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Performers’ sheer brilliance

Isata and Sheku Kanneh-Mason at West Wight Arts Association.

Isata and Sheku Kanneh-Mason at West Wight Arts Association.

Jane Clutterbuck

Monday, October 23, 2017 - 10:00

THE honour of holding the BBC Young Musician title carries with it great challenges, one being audiences with the highest expectations of technical virtuosity combined with mastery and brilliance.
And so it was last Saturday at the West Wight Arts Association concert, where the full house eagerly anticipated the gifted duo of cellist Sheku Kanneh-Mason and pianist, his sister Isata.
Playing a beautiful Amati cello (from around 1610), Sheku began with a Catalan-inspired Suite for Cello Solo (1926) by Gaspar Cassado. He coaxed, teased and demanded a myriad of tonal colours throughout the range of the instrument — such expressive playing was a joy to hear.
His total command was evident from the first note to the last with faultless techniques, such as double and triple stops, thumb stops and the particularly demanding harmonic passages which created a wonderful stillness in the hall. At times it was difficult to believe just one cello (and one cellist) was playing.
Isata joined her brother for Beethoven’s G minor Cello Sonata of 1796, a time when the cello was still seen very much as the keeper of the bass line with little potential as a soloist.
Beethoven soon changed that and solved the problem of balance — the cello of his day with its gut strings was much softer than the constantly developing piano with its increasing capacity for volume — by sharing the melody between the two instruments.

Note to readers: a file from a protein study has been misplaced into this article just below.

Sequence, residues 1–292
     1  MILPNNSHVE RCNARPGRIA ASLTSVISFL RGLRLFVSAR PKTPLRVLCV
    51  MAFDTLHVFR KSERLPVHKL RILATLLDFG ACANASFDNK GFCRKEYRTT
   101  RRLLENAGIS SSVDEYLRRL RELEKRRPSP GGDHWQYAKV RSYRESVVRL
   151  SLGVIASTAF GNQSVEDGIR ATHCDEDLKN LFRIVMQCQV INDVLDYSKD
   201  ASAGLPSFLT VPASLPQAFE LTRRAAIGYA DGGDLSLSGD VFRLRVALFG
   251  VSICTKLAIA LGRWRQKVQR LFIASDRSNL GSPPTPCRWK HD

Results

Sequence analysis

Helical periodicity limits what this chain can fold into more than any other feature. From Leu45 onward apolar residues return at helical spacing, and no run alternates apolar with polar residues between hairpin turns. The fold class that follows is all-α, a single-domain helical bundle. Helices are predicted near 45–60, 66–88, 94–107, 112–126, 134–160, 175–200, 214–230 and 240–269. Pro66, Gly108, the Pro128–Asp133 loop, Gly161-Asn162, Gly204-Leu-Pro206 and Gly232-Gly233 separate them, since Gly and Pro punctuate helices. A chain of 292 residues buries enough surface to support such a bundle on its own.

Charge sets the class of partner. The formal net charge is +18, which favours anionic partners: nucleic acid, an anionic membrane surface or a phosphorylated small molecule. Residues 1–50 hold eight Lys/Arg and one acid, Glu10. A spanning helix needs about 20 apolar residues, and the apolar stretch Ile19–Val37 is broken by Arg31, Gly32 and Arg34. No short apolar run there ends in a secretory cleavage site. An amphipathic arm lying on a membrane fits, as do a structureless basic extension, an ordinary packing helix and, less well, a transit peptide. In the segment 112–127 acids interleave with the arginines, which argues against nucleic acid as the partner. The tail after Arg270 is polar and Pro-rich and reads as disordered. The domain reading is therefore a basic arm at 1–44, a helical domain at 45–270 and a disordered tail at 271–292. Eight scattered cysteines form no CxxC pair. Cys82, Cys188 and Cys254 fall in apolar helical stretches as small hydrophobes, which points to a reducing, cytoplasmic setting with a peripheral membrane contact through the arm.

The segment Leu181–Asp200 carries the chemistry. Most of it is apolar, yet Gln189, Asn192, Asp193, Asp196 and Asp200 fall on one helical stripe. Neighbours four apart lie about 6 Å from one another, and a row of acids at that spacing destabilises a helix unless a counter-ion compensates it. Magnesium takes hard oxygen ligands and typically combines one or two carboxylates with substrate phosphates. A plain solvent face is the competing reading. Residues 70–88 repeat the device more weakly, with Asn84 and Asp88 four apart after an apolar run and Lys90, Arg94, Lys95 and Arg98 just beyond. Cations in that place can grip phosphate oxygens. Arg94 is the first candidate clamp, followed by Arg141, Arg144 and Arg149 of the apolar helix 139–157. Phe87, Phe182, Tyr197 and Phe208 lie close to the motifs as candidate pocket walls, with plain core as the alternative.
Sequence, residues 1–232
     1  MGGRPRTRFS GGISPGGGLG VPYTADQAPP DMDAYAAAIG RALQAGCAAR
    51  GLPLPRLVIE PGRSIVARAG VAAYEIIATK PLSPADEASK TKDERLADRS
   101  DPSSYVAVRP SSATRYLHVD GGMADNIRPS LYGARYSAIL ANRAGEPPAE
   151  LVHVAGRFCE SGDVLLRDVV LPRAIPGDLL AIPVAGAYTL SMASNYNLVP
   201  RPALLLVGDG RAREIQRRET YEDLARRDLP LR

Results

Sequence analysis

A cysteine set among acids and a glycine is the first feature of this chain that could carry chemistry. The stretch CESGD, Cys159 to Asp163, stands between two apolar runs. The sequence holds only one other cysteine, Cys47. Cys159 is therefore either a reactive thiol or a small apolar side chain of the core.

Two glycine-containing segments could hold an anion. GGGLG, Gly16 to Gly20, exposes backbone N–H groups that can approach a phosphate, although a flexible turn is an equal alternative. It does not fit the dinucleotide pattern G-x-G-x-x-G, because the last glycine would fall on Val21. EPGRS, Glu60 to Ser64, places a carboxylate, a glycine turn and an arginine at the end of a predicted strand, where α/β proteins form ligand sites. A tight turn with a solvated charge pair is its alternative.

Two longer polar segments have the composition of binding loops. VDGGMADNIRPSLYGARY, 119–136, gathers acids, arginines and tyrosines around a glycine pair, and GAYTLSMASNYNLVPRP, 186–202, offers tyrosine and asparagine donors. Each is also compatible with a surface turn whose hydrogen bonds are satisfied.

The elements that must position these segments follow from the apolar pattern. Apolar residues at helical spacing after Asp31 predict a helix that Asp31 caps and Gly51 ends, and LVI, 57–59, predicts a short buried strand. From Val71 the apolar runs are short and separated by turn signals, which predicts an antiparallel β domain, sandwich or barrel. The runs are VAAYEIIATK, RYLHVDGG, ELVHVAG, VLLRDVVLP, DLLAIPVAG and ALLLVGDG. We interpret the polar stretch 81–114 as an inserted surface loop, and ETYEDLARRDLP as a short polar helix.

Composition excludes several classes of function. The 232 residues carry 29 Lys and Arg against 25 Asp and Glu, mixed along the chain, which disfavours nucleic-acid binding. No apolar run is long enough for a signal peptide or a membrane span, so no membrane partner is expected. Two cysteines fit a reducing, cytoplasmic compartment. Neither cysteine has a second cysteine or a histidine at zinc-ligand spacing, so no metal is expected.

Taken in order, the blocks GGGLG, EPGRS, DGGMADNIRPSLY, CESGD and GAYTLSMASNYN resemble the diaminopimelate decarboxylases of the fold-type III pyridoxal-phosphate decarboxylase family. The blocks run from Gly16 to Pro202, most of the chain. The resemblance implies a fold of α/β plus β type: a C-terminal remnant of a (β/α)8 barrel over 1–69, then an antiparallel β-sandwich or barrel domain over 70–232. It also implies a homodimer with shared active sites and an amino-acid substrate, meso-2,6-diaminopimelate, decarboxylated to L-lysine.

Sheku and Isata were equal partners in this work, as Beethoven intended — their awareness of balance evidenced in the way they seamlessly switched roles from soloist to accompanist.
It was an exciting and assured performance from these two virtuosi, which covered the gamut of emotions with expressiveness and maturity far beyond their years.
After the interval, we were treated to yet more sheer brilliance with Shostakovich’s 1934 Cello Sonata in D minor.
Again, the duo enthralled the audience with their amazing ability for imparting passion, pathos and raw emotion of the kind that makes the hairs on the back of your head stand up (especially in the boisterous and exciting Scherzo).
Every note, even when a passage was both quiet and rapid, was audible and the accuracy of both performers was remarkable. It was an exceptional performance and was greeted with rapturous applause and a well-deserved standing ovation.
A short but lovely encore followed, an arrangement of Leonard Cohen’s Hallelujah.
It was a privilege to be in the audience at this truly memorable concert. What wonderful ambassadors these two young people are for classical music — the future is in good hands.
The next concert with Castalian Quartet and pianist Michael Dussek is on Saturday, November 11.

 


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